Inman, 51, said he’d purchased his Italian-made instrument at a fiddle competition in Branson for $1,000.
“But I wouldn’t sell it for $5,000,” he added. “It has a rich tone.”
Inman, who teaches “fiddle” at the University of Missouri-Columbia, said he is a regular at the competition.
“I’ve won the Missouri State Fiddle Championship 11 times,” he added. “I go through the Missouri Folk Arts program to teach students fiddle every year.”
He said he had an uncle who taught him fiddle, Othello Smith.
“He was an old square dance fiddle player,” he said. “He got me started. And then I started hanging around fiddle contests and started traveling around to different states playing fiddle. And I just got better and better. My goal in playing fiddle was to win one trophy.”
Inman said he enjoys playing old time fiddle, plus swing and jazz.
Before the event, Lynn Wells, of Boonesboro, was busy playing his fiddle also with Wilson accompanying him.
“It always turns out to be quite a contest,” said Toni Wells, Lynn’s wife. “I’m just the wife, I play spoons, that’s all.”
She said Lynn has been playing for more than 30 years.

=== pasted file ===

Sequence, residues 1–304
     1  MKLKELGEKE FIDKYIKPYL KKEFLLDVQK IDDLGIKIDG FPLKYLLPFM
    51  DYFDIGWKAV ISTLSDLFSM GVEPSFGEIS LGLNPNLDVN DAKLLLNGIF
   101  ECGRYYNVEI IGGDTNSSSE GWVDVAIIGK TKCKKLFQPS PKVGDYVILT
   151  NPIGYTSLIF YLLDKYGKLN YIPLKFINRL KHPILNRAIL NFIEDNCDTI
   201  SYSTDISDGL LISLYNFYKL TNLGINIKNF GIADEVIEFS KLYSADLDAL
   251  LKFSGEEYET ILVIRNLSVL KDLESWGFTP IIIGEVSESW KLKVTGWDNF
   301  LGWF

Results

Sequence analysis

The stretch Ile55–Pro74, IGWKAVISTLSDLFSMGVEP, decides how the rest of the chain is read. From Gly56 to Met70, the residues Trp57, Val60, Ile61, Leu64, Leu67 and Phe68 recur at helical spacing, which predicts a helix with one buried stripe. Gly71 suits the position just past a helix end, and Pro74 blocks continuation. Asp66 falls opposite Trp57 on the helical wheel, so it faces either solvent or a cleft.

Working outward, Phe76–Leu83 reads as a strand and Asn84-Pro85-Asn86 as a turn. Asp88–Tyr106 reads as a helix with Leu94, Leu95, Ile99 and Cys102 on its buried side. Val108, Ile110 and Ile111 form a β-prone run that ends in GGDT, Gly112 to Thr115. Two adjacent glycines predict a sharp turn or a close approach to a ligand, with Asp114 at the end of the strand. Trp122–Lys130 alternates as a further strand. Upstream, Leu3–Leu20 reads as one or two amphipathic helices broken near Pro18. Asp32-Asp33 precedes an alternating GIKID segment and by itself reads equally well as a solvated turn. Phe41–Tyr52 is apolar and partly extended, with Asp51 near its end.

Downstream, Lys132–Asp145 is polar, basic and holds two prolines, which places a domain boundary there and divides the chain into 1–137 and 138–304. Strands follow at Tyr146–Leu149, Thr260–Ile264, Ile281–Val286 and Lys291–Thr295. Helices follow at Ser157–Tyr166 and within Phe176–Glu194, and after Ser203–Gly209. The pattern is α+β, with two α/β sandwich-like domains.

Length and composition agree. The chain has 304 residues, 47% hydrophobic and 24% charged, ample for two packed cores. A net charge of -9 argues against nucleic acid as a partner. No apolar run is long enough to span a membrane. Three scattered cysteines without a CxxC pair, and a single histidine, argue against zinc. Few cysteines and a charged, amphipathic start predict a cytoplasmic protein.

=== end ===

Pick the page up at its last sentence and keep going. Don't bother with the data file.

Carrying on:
Lynn has a good answer as to why the instrument is called a fiddle.
“It’s in how it’s played,” he said. “Well, violin is mostly by note, but fiddling is mostly by ear. It’s in how you hear it.”
He plays bluegrass and he added “the next one I learn” is his favorite.
“They’re all fine,” he said smiling. “I like ‘Sally Goodin.’ We call it the Boonesboro anthem. We live in Boonesboro — there’s only four people there and they all know me.”
Anna Belle Wakeland, 9, of Hillsboro, was practicing with her father, Randy Wakeland, and her aunt, Pam Schaefer, of Rich Fountain, before the competition.
Anna Belle, who loves Charlie Daniels’ music, is fairly new to fiddle playing.
“I’m going on two and half years,” she said.
“She also plays in the symphony,” Schaefer said. “In the symphony she also plays the cello.”
“We were here last year,” her father said. “There’s some phenomenal talent.”
Anna Belle said she loves the sound of the fiddle.
“When it blends all together it’s amazing,” she added.
At 83, Charles “Bud” Wyatt Jr., of Centralia, is a seasoned fiddle veteran. He was busy playing his fiddle outside the tent before the event. Wyatt, father of Allen Wyatt, loves playing bluegrass, hoedowns and waltzes.
He’s been attending the fiddle championships since it began, but he doesn’t come to play, only to listen. Although he always brings his personalized fiddle, complete with his likeness and name inscribed on the back.
Shull, who will assume the superintendent’s position for the 2015 Missouri Fiddle Championships, said MSF officials have always been helpful in making the contest amenable to contestants.
“The fair’s been very accommodating to all the needs of the people,” he said. “There’s a million little things that have to be taken care of to actually make this happen. They have been wonderful, they’ve really supported us.”